“Protecting the health of our residents, providing good jobs and working to mitigate climate change are moral issues that transcend politics.  We are grateful that we were able to build a broad multi-racial, multi-faith, coalition that could unite around the values of justice, sustainability and the well being of all people. In doing so we were able to stop the largest private equity firm in the world,”, said Rabbi Mordechai Liebling, steering committee of Green Justice Philly, representing the Philadelphia chapter of Pennsylvania Interfaith Power and Light.

Green Justice Philly is a diverse and growing coalition committed to building a healthy, sustainable and economically just Philadelphia region. We work together to oppose the dirty fossil fuel industry that puts our neighborhoods at risk and makes our citizens sick, and cannot contribute to our long-term prosperity.

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Benicia Election Results: All but final, only 99 Benicia ballots left to count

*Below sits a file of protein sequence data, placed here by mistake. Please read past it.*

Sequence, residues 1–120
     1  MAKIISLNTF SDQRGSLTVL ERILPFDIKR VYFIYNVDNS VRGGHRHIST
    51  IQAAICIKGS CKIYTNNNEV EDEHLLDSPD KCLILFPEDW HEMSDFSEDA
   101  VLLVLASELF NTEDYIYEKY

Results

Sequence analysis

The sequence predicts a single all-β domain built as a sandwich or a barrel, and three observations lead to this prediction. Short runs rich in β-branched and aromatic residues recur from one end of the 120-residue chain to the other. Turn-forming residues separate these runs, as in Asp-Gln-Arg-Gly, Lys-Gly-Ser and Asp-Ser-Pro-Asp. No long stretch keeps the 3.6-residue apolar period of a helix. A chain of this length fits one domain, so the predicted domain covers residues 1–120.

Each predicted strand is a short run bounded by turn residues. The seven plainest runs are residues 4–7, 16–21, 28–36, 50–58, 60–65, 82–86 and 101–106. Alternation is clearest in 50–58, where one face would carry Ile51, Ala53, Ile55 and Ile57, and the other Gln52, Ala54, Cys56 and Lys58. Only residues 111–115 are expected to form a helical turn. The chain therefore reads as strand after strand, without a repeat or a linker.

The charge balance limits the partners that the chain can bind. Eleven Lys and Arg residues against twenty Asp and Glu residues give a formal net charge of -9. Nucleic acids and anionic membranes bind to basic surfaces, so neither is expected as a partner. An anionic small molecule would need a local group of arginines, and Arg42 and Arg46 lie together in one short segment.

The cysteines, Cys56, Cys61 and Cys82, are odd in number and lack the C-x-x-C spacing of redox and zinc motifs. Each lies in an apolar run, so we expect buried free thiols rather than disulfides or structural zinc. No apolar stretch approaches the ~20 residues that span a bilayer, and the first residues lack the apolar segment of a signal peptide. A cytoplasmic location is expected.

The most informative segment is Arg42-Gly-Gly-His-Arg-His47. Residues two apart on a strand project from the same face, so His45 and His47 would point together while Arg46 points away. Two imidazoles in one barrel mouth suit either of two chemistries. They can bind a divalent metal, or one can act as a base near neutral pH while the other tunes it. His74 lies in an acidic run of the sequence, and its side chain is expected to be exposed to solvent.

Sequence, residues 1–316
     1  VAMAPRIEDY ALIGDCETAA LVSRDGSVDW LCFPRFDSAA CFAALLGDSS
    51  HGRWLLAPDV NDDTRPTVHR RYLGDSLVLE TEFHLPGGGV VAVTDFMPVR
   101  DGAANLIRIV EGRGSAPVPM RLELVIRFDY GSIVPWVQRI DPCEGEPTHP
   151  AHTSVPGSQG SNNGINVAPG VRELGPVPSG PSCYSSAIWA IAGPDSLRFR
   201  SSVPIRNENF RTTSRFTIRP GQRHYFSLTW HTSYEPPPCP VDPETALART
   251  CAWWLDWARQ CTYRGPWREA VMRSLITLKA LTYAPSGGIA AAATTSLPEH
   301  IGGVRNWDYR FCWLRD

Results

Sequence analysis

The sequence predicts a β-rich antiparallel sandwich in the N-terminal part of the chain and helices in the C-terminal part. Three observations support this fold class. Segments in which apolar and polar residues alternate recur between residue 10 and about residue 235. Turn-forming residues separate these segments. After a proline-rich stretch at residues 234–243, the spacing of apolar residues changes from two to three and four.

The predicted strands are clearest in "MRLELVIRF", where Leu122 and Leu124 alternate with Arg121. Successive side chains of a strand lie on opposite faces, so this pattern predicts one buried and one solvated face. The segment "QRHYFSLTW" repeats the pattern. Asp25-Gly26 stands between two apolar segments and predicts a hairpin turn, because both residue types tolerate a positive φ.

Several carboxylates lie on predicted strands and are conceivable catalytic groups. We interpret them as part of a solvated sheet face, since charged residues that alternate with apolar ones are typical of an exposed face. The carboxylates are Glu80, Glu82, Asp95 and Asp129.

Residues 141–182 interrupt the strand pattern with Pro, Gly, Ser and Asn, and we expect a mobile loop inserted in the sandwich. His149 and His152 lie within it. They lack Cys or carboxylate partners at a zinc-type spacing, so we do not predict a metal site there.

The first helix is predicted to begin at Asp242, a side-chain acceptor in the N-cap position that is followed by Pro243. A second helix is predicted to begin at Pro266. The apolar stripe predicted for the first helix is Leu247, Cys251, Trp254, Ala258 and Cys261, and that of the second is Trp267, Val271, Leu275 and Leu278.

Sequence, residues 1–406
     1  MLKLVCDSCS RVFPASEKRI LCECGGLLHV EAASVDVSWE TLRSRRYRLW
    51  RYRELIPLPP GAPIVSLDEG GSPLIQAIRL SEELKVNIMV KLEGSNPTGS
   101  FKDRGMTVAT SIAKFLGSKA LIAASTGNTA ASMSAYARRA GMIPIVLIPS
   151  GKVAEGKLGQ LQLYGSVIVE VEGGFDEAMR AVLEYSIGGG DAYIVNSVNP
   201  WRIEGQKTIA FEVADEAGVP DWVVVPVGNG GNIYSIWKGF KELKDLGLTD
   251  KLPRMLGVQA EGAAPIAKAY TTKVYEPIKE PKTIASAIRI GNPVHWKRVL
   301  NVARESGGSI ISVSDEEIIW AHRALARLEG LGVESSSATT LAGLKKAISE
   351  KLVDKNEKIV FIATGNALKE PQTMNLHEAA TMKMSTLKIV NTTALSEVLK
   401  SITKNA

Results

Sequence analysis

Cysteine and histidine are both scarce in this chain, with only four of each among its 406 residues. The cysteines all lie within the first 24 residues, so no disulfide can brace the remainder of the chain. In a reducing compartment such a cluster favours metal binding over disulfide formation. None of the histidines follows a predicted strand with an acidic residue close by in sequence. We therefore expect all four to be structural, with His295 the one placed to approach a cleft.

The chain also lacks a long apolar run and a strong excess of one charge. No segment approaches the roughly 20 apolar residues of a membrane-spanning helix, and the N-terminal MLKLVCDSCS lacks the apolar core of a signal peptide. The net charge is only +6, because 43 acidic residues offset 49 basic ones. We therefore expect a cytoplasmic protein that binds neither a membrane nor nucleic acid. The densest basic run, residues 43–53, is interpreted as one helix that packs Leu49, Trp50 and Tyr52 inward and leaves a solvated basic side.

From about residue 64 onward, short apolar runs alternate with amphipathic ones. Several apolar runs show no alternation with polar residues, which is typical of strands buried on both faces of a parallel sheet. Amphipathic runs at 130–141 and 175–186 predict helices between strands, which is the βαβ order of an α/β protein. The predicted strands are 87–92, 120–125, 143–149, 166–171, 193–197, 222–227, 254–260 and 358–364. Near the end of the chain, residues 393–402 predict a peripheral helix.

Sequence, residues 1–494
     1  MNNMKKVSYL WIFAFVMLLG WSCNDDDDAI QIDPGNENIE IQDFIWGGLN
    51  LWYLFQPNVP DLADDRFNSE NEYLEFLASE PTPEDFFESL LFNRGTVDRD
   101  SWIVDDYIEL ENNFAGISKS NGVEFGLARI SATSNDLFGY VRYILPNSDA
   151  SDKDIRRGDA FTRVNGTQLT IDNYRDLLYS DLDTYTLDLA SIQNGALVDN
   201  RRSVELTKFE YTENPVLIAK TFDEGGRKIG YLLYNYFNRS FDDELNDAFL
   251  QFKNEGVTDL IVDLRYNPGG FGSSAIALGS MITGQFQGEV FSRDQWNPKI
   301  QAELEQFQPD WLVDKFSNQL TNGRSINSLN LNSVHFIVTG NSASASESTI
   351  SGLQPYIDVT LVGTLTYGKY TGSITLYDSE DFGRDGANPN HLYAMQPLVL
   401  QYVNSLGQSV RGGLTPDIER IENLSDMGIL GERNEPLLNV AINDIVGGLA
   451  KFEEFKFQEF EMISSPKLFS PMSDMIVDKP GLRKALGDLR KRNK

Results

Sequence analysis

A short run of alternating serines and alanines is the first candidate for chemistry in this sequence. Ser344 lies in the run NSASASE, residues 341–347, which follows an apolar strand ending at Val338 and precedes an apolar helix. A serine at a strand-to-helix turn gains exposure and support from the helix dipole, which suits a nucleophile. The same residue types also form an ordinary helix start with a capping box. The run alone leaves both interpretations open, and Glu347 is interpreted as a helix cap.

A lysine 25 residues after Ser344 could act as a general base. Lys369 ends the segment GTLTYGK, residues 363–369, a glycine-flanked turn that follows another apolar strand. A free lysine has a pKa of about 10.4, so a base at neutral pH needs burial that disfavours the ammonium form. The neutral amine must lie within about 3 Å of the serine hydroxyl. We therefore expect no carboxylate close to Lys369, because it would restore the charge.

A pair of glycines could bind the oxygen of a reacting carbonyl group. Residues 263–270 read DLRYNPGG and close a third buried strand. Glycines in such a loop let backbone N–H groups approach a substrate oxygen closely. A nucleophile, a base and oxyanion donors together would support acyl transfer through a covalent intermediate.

By Roger Straw, November 22, 2016

Solano County seal (400x400)The Solano County Registrar of Voters issued a day’s end report at 4:25pm Tuesday 11/22. Although 4,316 Provisional ballots remain to be counted, only 99 of those are from Benicia. When those ballots are counted, Mayor Patterson, Steve Young and Tom Campbell will maintain their victory. Patterson, Young and Campbell will be sworn in at the City Council meeting on Tuesday, December 6. 

Mayor Elizabeth Patterson‘s lead decreased by 2 votes after today’s counting. Her margin of victory over challenger Mark Hughes has nearly tripled, increasing from 109 votes early on Wednesday morning, to 315 as of today. Hughes phoned Mayor Patterson on the day after the election to concede.